- Ajapa Yoga Foundation
- (est. 1974)The Ajapa Yoga Foundation was established in 1974 by followers of Guru Janardan Paramahansa (1888–1980). It promotes ajapa, a breathing and medita-tion technique not widely known but practiced for centuries by RISHIs (spiritual adepts) in India. Prac-titioners believe that it is the pure and original YOGA and not a derivative of any prior teaching.The primary teaching of the foundation is that humans see themselves as living in a world of suffering and desire because they have lost their true sense of self. Through the practice of ajapa yoga, they can realize their true identity. Today, five ashrams are maintained in India, Bangladesh, and California.The modern teaching traces back to the 1860s, when Swami Purnananda Paramahansa (1834–1928) learned the ancient technique from Matang Rishi at Siddhashrama, a remote Tibetan mon-astery. After five years of training, Purnananda returned to Bengal and established ashrams with the purpose of reintroducing ajapa.Upon Purananda’s death, leadership passed to Swami Bhumananda Paramahansa (1873–1958), who was in turn succeeded by his disciple, Guru Janardan. In the 1960s Janardan organized the World Conference on Scientific Yoga in New Delhi, where he made the acquaintance of many Westerners. He then toured Europe and North America and established ashrams and centers in Hamburg, Montreal, New York, and California. In 1966, Janardan found a baby on the bank of the Ganges River in India, named him Guru Prasad (b. 1966), and raised him to be his successor as a living master of ajapa yoga. Guru Prasad assumed leadership of the ashrams and foundation at age 14 and continues to teach practitioners and to maintain the ashrams and centers.Further reading: Mitchell Radow, Search for Peace (New York: Ajapa Yoga Foundation, 1983); Swami Shrad-dhanand, trans., Tattwa Katha: A Tale of Truth, Parts I and II (New York: Ajapa Yoga Foundation, 1976–79).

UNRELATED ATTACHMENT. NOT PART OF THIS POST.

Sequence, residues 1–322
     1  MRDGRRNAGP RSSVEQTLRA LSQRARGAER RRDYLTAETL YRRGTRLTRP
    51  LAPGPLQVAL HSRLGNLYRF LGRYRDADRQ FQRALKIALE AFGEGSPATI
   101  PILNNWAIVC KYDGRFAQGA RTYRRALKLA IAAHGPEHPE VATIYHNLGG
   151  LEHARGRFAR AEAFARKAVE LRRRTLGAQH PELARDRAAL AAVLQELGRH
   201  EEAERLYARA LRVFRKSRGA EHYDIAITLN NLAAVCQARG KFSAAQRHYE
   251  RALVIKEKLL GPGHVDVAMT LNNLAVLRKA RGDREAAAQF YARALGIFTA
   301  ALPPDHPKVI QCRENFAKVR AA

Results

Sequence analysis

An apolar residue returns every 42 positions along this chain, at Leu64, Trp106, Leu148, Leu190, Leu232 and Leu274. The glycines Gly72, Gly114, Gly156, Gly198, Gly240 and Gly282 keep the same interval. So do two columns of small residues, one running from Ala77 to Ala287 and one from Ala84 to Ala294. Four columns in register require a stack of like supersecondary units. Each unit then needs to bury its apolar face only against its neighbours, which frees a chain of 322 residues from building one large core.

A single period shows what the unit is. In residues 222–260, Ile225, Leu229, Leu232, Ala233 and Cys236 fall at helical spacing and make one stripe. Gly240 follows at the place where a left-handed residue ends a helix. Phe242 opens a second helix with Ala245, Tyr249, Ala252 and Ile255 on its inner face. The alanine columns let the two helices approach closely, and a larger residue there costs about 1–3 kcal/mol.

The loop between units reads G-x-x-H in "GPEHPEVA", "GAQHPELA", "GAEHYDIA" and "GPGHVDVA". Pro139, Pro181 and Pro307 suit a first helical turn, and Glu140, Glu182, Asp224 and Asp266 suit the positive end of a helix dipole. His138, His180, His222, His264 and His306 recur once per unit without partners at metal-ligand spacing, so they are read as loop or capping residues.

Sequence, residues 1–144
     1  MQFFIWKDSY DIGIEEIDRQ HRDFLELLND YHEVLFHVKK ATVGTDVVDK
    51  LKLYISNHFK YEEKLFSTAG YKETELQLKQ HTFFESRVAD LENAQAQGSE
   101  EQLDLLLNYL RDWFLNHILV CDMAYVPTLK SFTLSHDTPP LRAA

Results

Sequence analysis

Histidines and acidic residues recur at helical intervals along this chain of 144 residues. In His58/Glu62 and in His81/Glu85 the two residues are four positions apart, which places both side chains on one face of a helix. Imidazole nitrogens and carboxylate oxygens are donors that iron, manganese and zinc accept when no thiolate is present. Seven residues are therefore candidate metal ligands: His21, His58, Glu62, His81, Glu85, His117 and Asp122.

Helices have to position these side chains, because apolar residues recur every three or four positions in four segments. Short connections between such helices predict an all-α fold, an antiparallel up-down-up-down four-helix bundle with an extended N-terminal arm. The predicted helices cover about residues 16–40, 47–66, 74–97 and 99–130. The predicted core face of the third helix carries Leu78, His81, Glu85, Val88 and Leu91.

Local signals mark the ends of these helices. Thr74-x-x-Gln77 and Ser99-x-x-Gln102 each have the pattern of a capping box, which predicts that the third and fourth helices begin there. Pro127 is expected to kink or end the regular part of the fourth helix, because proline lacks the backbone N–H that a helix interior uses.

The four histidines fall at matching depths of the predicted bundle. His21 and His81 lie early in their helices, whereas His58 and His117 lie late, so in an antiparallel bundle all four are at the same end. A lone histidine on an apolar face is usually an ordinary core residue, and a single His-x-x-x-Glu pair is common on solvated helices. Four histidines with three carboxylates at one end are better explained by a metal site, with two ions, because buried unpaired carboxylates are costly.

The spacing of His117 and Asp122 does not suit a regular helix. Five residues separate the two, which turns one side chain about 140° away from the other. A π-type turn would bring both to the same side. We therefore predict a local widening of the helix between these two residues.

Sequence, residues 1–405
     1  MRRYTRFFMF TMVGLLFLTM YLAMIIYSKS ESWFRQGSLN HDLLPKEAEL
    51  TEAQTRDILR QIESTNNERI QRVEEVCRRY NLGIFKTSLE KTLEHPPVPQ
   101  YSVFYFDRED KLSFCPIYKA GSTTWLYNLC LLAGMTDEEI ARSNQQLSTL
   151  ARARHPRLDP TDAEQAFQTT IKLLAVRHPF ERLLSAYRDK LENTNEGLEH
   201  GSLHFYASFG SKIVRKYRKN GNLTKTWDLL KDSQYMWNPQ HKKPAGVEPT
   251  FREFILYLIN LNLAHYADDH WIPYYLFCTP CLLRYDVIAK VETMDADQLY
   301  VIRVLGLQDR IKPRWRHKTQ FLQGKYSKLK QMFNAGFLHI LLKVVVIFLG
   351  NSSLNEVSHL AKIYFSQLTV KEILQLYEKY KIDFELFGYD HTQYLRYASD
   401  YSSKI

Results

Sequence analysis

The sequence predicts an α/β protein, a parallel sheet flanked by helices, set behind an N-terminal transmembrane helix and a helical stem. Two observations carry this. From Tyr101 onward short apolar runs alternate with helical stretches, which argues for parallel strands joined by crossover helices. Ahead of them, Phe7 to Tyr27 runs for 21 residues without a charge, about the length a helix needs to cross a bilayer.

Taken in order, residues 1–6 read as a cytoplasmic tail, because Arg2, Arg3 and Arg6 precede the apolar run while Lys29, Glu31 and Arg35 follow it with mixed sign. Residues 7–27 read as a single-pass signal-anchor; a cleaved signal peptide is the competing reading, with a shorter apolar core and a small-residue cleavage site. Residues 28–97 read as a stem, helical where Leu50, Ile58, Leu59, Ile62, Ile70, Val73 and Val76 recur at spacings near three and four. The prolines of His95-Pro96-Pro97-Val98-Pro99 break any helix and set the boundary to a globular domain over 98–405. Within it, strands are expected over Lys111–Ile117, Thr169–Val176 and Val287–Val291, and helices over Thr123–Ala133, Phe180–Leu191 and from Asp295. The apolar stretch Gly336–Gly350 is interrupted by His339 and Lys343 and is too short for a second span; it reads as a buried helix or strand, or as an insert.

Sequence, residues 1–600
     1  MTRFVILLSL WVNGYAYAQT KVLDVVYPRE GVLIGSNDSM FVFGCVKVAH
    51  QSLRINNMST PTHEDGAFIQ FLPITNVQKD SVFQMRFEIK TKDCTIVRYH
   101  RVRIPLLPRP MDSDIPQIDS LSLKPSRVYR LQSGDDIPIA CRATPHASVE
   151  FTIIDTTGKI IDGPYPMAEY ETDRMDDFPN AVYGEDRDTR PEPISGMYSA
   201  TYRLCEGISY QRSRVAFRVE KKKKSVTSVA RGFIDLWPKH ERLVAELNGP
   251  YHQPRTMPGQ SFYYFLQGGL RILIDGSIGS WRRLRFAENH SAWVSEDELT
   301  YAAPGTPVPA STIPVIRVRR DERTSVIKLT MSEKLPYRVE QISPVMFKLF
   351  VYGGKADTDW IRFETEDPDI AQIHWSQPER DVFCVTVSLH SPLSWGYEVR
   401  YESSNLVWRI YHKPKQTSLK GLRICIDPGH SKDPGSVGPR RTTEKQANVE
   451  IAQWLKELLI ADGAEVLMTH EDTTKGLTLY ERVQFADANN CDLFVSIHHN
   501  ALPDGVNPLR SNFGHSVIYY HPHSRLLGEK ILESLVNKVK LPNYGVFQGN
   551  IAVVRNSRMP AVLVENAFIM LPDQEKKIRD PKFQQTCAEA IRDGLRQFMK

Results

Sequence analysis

Encyclopedia of Hinduism. A. Jones and James D. Ryan. 2007.